There seems to be a popular narrative among many of the nations of the world with regard to blockchain technology and cryptocurrency. The summary of this narrative can be expressed succinctly as “blockchain is good while cryptos are bad.” A number of countries like China, India, France, and the UK that have either banned cryptocurrencies or are introducing strict crypto regulations are among some of the vocal proponents of blockchain technology. Their tough stance on the crypto market doesn’t stop them from recognizing the potential benefits that are inherent in the successful implementation of blockchain technology for government applications.
The blockchain is the technology that supports the operation of cryptocurrencies. However, that it just one of the many things that a blockchain can do. The unprecedented growth in the price of Bitcoin, as well as the success of Ethereum, Ripple, Bitcoin Cash and other cryptocurrencies, may make some think that blockchains are basically just about cryptocurrencies. The truth, however, is that blockchains can achieve more than supporting cryptocurrency operations. In fact, it was this realization that made Vitalik Buterin design a new blockchain protocol (Ethereum) that offered more robust functionality than the Bitcoin Blockchain. Ethereum is capable of supporting a multitude of decentralized applications and autonomous organizations.
It is this robust functionality of blockchain technology that has caught the eye of government all over the world. With many countries constantly competing against each other in the innovation and technological advancement theatre, no one wants to be left behind. Many governments are either studying numerous potential blockchain-based applications for affairs of state or already in the process of testing such applications if only on a small-scale. Blockchains have the potential to revolutionize the activities of government. The potential use cases of blockchain technology in government include:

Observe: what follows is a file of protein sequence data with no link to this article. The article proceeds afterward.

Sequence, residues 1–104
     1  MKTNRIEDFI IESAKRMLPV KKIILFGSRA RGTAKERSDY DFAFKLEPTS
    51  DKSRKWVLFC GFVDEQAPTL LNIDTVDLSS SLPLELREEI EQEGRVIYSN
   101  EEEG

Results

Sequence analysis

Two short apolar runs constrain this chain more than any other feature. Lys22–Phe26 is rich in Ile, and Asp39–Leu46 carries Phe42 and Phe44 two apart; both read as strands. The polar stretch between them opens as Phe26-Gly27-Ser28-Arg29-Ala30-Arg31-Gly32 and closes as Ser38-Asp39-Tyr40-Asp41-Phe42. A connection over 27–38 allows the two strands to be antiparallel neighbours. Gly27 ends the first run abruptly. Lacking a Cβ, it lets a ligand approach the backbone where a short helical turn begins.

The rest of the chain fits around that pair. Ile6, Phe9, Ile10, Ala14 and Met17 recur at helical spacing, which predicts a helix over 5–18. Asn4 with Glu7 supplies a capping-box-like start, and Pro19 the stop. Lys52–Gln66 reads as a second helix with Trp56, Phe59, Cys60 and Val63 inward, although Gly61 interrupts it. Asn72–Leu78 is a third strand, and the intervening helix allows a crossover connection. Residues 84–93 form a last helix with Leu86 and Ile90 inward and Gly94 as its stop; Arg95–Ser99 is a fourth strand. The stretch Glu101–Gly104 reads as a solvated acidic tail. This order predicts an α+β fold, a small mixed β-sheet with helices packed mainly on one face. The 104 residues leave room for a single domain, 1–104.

- National Identity Management Systems
- Tax and Internal Revenue Monitoring
- Secure Banking Services etc.
Governments that are Already Adopting Blockchain Technology
Dubai has a number of big dreams for the future: flying taxis, self-driving vehicles, and actual, literal “Robocops.” The government even has a ministry dedicated to the adoption and implementation of artificial intelligence. The city government hopes to become the first-ever blockchain-powered government by the year 2020. The main aim of the plan is to leverage the power of blockchain technology in facilitating license renewals, payment of bills, and visa applications.
Dubai is a prominent holiday destination with millions of tourists and visitors every year. A lot of manhours are dedicated to processing an estimated 100 million documents every year. By using blockchain technology for these tasks, a large percentage of those manhours can be saved which translates into huge government savings. By making the move to a paperless transaction system that is hosted entirely on the blockchain, the Dubai government could potentially save up to $1.5 billion per year.